‘Donald Thomson’s Hybrid Expeditions: Anthropology, Biology and Narrative in Northern Australia and England’ in Expeditionary Anthropology: Teamwork, Travel and the ‘Science of Man’, Martin Thomas and Amanda Harris (eds). Oxford, NY: Berghahn Books (in press)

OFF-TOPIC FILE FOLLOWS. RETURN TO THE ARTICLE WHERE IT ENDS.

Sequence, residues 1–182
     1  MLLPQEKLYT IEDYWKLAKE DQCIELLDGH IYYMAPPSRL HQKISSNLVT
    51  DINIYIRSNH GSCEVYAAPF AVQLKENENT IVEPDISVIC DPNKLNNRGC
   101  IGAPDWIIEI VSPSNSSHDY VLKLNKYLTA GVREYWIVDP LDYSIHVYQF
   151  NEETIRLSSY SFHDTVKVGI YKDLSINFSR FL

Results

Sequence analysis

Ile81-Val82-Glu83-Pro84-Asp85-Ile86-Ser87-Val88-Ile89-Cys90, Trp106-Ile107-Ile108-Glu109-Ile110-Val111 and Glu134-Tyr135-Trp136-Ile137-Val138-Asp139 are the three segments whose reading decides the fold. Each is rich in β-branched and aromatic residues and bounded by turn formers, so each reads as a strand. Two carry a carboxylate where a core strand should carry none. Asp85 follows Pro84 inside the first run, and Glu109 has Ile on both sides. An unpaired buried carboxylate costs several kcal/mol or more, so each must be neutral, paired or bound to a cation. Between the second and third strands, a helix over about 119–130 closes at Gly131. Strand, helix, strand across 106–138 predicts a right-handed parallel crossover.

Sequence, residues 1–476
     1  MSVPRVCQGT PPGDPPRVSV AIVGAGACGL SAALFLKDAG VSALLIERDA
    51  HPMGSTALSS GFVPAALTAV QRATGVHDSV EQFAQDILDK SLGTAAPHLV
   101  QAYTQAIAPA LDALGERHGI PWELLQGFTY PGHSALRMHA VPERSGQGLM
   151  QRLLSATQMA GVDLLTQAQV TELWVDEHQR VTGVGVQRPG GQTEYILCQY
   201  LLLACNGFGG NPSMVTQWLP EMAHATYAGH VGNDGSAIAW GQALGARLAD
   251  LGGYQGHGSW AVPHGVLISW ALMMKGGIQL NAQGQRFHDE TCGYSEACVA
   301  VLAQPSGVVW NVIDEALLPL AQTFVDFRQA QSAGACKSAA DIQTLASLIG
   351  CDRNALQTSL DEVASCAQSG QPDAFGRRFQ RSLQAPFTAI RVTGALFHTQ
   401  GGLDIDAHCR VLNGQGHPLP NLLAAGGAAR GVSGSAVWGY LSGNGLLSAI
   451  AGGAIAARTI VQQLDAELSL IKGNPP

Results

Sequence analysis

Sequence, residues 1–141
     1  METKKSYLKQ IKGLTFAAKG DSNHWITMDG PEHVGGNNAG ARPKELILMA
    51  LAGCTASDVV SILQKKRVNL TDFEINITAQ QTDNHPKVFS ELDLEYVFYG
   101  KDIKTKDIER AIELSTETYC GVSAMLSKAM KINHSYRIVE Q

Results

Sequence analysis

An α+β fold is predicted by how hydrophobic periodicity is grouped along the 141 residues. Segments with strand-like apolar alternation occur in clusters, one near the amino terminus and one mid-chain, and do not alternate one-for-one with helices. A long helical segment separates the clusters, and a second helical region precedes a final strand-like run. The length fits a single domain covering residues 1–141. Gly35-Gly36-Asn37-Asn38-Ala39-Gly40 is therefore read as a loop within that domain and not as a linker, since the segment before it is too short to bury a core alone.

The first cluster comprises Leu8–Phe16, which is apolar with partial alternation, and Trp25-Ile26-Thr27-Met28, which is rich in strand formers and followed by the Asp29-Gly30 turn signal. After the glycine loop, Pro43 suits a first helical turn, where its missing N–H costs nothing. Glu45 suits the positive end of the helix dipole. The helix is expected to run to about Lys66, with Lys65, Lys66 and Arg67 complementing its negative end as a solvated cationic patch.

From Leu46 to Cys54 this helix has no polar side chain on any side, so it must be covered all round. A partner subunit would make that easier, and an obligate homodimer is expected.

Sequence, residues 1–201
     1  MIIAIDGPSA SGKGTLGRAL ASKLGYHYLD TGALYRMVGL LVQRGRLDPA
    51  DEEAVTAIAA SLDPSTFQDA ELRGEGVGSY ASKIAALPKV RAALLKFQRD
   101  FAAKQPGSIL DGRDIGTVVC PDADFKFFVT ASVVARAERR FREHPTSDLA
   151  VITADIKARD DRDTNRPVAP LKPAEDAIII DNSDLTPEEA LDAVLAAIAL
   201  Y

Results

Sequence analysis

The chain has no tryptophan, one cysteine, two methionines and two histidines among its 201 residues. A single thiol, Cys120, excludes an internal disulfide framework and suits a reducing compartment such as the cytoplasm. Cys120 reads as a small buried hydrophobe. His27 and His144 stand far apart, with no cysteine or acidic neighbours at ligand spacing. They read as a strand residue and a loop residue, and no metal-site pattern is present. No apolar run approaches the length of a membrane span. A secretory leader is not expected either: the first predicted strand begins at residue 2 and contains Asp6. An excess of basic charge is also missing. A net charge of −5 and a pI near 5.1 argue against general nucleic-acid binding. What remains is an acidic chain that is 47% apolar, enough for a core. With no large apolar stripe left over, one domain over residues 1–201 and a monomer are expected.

Donald Thomson belongs to a lineage of biologists-turned-anthropologists tracing back to his mentor Alfred Cort Haddon and to Baldwin Spencer. He was also a trained journalist and prolific and gifted photographer. This chapter proposes that Thomson’s anthropological expeditions to Arnhem Land in northern Australia in the 1930s hark back to recognizable characteristics of ‘cultures of exploration’ of the nineteenth century—especially the contested heterogeneous activities (including intrepid adventure, scientific enquiry and literary narration) fundamental to the concept of exploration—while also producing knowledge of particular peoples and environments in innovative ways. While on expedition, he pursued anthropology, zoology, photography, cinematography, natural history collecting, journalism and other sorts of writing—a range of activities that enabled him to operate both within and apart from the conventions of functionalist anthropology, dominant during his lifetime. This chapter suggests that Thomson undertook an overarching form of interdisciplinary enquiry influenced at least in part by the example of Haddon’s Cambridge Anthropological Expedition to Torres Straits. Thomson’s approach was pioneering through its close consideration of people and their local biophysical environments as interlinked rather than separate realms of concern. Further, through his journalistic skills and literary flair he used the idea of the expedition to engage public audiences beyond the strictly anthropological or academic.